Coffee House Readings #1:
“The Art of Stillness”


A travel writer, whose jobs mantra is to always keep moving, writes about sitting still and going nowhere. “How did that happen?”, one might ask as a first reaction. But when you stop to think about it (which is, in fact, the whole message of the book), it actually makes a lot of sense.

Discovering the Art of Stillness

As a travel writer Pico Iyer had the chance to feel the imbalance between being constantly on the move and finding peace while standing still, stronger than others. “We have the sense, too often, of running at top speed and never being able to catch up.”, he writes in his book that I can recommend to anyone without hesitation. Iyer was “hurrying around in search of contentment” which “seemed a perfect way of ensuring I’d never be settled or content”. Sounds familiar?

Of course it does. Doing stuff, learning more, improving one’s skills and being quick about it, is what they teach us from day one. We have to be better, faster and stronger than all the others competing with us. And it’s not only about the job. It’s about a fulfilled private life too. In our achievement-oriented society we are even competing who’s the happiest. You can find thousands of happy private lives on Facebook, wrapped up nicely in little photo albums that clearly don’t belong on the internet for hundreds of strangers to see. So, what are these people actually doing? They are showing these hundreds of strangers how perfectly happy they are. And the thought of their happy life being observed by others who will, judging from those happy pictures, conclude that their live is pretty awesome, somehow makes them “happy”. Or does it? “To hurry around trying to find happiness outside ourselves makes about as much sense as the comical figure in the Islamic parable who, having lost a key in his living room, goes out into the street to look for it because there’s more light there.”, Iyer says.

That’s when he discovered the art of stillness: clearing the head of all thoughts and stilling the emotions. “It’s about stepping away now and then so that you can see the world more clearly and love it more deeply.” At the first glance, this might sound pretty boring. But this is only due to the bad image of stillness, which our fast-moving world has taught us to hate, so that we are not ever tempted to leave the hamster wheel that is earning a lot of people a lot of money. In fact, there’s much more to stillness than you might realize at first. “Stillness has nothing to do with settledness or stasis.”, Iyer explains.

In his book Iyer tells us the stories of people who have found stillness, among them Leonard Cohen (songwriter of “Hallelujah”) and french Buddhist monk Matthieu Ricard. In “The Art of Stillness” you will also find out why the tech-savvy Google crowd makes stillness a part of their daily lives, and why the people in Silicon Valley observe something called an “Internet Sabbath”. These stories will show you how a more balanced and truly happy life might look like. A life that is not concerned with its perception by others, but that concentrates on the happiness that lies within ourselves.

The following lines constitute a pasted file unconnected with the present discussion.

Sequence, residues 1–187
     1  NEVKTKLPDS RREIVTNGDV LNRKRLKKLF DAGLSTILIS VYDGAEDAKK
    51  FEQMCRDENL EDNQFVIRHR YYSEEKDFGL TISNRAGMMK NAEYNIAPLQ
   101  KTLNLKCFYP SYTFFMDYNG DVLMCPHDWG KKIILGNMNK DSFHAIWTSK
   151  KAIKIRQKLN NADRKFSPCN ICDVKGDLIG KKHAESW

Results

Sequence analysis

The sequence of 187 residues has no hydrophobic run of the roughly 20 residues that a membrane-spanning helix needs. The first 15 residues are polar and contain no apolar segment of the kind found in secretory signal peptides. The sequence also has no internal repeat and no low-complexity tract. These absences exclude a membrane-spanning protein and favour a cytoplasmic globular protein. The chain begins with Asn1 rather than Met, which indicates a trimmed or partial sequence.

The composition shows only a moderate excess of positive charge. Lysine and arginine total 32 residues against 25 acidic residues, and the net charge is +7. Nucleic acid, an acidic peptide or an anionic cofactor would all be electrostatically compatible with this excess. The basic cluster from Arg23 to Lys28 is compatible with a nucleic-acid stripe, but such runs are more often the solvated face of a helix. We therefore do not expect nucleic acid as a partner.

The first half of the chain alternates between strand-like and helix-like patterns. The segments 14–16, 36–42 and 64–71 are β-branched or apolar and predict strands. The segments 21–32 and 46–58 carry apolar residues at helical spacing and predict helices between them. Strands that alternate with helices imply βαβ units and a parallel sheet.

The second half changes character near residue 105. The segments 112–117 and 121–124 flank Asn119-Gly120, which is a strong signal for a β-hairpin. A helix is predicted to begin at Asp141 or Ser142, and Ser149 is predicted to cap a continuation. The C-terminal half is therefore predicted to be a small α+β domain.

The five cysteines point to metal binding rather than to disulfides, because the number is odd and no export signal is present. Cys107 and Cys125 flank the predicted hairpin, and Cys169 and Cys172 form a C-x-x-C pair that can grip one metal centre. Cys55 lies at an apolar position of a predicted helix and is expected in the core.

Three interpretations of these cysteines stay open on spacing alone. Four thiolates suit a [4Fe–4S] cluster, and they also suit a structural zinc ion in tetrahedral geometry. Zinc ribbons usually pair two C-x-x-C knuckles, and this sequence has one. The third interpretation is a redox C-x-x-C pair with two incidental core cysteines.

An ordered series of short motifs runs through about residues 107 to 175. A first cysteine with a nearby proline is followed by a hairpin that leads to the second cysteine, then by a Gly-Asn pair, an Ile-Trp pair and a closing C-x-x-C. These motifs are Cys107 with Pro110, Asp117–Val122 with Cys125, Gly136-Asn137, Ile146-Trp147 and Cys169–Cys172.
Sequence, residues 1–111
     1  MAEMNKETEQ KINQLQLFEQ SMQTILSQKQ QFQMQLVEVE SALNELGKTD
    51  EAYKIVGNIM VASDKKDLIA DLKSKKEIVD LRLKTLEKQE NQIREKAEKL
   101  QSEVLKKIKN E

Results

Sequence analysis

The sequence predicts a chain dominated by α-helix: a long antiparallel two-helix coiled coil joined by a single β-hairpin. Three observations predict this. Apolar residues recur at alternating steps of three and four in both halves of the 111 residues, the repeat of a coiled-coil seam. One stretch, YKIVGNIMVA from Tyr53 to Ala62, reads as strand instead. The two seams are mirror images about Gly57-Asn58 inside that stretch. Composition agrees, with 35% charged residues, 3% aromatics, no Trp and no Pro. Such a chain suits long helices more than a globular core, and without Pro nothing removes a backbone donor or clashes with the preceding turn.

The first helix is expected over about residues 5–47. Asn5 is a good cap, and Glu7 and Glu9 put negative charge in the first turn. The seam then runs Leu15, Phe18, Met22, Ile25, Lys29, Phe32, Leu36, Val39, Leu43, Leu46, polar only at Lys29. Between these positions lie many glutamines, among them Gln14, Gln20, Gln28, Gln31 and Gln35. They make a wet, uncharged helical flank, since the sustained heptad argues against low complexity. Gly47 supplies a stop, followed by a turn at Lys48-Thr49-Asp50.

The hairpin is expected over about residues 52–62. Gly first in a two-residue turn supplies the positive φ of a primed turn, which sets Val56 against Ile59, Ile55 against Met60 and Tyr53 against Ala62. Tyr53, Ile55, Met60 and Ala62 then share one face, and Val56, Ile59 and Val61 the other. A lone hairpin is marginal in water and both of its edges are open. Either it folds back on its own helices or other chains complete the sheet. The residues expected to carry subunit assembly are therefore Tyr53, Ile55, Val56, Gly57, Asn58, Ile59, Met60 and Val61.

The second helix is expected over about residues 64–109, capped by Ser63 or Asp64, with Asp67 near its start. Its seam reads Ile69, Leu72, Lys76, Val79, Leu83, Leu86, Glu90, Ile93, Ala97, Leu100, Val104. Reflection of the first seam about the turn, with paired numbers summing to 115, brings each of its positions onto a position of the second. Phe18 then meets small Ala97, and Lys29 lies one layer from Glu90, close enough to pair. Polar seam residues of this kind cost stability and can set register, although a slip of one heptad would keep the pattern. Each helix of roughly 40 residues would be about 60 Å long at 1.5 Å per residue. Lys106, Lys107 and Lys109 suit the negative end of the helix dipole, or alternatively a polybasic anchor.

So, what are we actually competing for, when the thing all of us crave is available for all of us in abundance deep within?
“When friends ask me for suggestions about where to go on vacation, I’ll sometimes ask if they want to try Nowhere.” Coming from someone who has traveled the world for more than forty years and who has certainly seen the most beautiful places this world has to offer, this Nowhere sounds even more appealing. “One of the beauties of Nowhere is that you never know where you’ll end up when you head in its direction.”

“The Art of Stillness” is a must-read for anyone who is on the pursuit of happiness. But if you can’t make time for it in your busy schedule right now, you can start with Pico Iyer’s TED talk.

The best Viennese Coffee House to read this book in

What better place to celebrate the art of stillness in than the Café Schoppenhauer. This typical Viennese Coffee House is just around the corner from the Volksoper, but hidden in a quiet side street. You can enjoy a relaxing breakfast there all day long in one of its tiny booths and, as it is one of the few coffee houses near the city center which is not overcrowded with people, it is the perfect place to read a book or study in a nice and quiet atmosphere while getting served coffee and snacks.

Café Schoppenhauer

Café Schoppenhauer

 Photo credit: Verena Ehrnberger

Share this post

Leave a comment

Your email address will not be published. Required fields are marked *



*